In the complex world of business, hiring the right candidate is a crucial task that can significantly impact a company’s success. A key piece of this process is applicant screening, a systematic method to evaluate potential employees. The applicant screening process includes initial job application and resume reviews, pre-interviews, assessments, and reference and background checks.
Step 1: Review Resumes & Applications
You’ll need to start off by reviewing each resume or application manually. There are many things to learn about a candidate from their resume. Take into consideration the following:
- Resume depth/length. How much work experience does your applicant have, and how skilled are they at conveying large concepts succinctly?
- Grammar, vocabulary, and spelling. How detailed is the applicant, and are they willing to go the extra step to conduct a spelling or grammar scan of their resume and cover letter?
- Personality. What does the resume tell you about the personality of the applicant? Especially in creative or design roles, the cover letter and resume could be an accurate reflection of the applicant’s work product.
When reviewing resumes, make sure your determinations are directly aligned with the responsibilities and expectations of the role and not a reflection of personal preference. You might also consider implementing a blind hiring process by having all names, gender, ethnicity, and any other identifying marks, removed from the application before the review.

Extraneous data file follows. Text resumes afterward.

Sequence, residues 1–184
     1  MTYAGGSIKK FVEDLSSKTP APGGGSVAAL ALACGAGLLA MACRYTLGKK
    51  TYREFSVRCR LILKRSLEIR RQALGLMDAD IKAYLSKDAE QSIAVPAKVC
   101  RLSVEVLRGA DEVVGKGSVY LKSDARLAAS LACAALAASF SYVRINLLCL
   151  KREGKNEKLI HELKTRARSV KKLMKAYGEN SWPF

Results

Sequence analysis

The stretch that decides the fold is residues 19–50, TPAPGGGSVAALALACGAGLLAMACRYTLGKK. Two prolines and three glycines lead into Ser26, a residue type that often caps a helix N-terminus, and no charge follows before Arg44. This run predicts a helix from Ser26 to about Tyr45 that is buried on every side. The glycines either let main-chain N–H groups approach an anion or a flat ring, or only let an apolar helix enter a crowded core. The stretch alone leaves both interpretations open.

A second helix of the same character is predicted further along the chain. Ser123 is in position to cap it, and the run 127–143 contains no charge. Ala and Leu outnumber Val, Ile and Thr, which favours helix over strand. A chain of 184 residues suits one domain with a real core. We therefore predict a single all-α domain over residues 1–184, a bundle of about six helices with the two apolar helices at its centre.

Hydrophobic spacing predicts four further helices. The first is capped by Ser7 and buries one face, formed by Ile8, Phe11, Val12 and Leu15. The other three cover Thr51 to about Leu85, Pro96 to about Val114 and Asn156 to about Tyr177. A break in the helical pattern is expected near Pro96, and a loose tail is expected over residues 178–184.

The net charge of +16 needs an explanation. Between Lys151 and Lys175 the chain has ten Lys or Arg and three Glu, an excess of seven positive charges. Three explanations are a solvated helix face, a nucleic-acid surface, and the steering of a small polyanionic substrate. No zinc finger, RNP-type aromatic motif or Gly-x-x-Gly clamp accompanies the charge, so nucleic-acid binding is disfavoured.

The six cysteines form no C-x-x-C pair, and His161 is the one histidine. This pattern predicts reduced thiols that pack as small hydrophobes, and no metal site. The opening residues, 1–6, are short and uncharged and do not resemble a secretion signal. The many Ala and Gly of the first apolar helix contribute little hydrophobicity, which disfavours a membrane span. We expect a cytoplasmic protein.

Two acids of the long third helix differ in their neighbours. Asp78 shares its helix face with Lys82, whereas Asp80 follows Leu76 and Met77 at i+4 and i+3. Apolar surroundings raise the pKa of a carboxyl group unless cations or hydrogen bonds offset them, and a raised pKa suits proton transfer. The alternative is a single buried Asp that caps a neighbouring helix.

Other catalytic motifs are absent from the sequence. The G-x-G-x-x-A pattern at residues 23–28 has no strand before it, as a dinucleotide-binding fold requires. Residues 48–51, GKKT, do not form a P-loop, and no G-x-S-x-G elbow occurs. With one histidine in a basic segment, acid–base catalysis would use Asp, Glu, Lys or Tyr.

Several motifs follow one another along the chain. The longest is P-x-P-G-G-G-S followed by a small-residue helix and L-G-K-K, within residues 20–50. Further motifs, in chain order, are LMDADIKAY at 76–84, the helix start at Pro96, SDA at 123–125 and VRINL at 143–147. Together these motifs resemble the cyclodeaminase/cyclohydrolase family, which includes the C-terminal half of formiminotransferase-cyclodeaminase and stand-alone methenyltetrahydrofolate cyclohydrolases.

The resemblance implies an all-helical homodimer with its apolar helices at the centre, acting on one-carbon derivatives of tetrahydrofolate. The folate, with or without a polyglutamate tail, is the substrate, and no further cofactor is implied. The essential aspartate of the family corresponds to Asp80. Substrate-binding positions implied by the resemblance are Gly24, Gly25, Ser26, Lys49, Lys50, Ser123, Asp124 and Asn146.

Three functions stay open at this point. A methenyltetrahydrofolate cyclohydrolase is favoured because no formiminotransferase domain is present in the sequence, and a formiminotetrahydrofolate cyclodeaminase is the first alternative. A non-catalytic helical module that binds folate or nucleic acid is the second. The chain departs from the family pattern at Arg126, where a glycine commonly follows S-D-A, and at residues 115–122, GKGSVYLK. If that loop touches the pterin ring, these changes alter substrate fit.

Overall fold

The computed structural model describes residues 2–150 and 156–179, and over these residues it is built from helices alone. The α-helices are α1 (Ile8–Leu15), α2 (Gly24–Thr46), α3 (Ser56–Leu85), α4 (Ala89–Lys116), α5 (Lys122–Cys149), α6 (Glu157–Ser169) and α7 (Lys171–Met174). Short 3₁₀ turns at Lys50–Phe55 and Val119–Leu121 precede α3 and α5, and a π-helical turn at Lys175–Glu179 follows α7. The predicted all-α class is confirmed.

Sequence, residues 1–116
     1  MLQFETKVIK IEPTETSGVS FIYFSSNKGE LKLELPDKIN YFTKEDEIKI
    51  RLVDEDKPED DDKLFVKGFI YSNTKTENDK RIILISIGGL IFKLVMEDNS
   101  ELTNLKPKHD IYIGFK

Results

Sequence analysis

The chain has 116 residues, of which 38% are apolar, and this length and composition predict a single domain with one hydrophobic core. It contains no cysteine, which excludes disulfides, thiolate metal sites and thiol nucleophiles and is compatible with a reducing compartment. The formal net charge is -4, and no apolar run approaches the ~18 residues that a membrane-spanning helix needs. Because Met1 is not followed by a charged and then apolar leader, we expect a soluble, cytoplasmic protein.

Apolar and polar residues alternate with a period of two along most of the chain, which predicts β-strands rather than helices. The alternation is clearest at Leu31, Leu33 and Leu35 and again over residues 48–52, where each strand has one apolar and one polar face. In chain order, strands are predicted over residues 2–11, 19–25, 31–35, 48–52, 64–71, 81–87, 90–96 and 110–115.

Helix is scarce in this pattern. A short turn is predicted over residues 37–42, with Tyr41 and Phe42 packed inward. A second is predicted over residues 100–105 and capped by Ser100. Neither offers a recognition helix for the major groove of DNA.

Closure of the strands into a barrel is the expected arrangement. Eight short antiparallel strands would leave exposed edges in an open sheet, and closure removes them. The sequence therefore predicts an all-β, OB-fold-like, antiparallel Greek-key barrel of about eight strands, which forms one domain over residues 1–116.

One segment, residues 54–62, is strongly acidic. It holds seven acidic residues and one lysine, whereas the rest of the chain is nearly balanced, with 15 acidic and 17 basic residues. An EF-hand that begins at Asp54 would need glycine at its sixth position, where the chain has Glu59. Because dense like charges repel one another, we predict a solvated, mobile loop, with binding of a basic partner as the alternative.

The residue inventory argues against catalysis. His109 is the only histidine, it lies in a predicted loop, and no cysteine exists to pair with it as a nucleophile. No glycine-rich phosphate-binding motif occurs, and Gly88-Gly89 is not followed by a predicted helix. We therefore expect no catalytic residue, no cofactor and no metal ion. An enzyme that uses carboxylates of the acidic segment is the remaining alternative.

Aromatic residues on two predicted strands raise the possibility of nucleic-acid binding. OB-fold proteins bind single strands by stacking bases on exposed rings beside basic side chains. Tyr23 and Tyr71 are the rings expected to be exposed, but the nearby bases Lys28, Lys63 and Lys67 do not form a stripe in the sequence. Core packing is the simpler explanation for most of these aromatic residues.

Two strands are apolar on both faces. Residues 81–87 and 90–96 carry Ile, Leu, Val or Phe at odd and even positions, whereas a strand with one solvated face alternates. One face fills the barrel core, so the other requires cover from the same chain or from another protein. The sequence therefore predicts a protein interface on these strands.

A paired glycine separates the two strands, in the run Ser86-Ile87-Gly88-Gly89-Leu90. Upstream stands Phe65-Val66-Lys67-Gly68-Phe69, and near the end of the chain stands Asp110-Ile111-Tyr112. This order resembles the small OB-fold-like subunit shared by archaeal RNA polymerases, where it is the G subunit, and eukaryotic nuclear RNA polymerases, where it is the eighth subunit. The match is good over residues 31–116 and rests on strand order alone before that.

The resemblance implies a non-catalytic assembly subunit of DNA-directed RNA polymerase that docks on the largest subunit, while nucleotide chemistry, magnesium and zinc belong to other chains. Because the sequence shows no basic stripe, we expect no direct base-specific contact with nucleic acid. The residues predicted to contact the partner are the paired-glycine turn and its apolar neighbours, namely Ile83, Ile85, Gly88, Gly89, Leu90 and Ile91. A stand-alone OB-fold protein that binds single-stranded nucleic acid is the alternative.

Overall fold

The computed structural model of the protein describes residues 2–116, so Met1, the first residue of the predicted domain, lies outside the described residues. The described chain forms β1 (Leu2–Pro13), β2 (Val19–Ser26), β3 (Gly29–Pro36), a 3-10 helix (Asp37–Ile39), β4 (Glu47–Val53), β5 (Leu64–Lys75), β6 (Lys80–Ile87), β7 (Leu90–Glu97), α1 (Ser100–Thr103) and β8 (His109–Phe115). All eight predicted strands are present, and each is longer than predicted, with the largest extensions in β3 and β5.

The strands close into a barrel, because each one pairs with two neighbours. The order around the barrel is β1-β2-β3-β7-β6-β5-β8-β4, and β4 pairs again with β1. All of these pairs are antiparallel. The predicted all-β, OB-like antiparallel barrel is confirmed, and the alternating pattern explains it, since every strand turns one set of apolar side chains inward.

An easy way to eliminate underqualified candidates even before seeing their application is to use an applicant tracking system to auto-reject applications based upon predetermined criteria. A good ATS, like Freshteam, can help you efficiently monitor the applicant screening process by automatically populating candidate profiles based on the information on their resumes. Learn more about this platform in our Freshteam review.
Using Artificial Intelligence (AI) to Screen Resumes
For some small businesses, a manual review of every resume can be very time-consuming. We recommend using software like ZipRecruiter, which uses AI functionality to scan resumes for specific keywords and job titles. This can save time and resources while still getting a sense of the applicant pool.
There are many different AI tools available to employers, each with its own strengths and weaknesses. Some common abilities of AI resume screening tools include:
- Reading and understanding natural language
- Identifying key skills and qualifications
- Comparing candidates side-by-side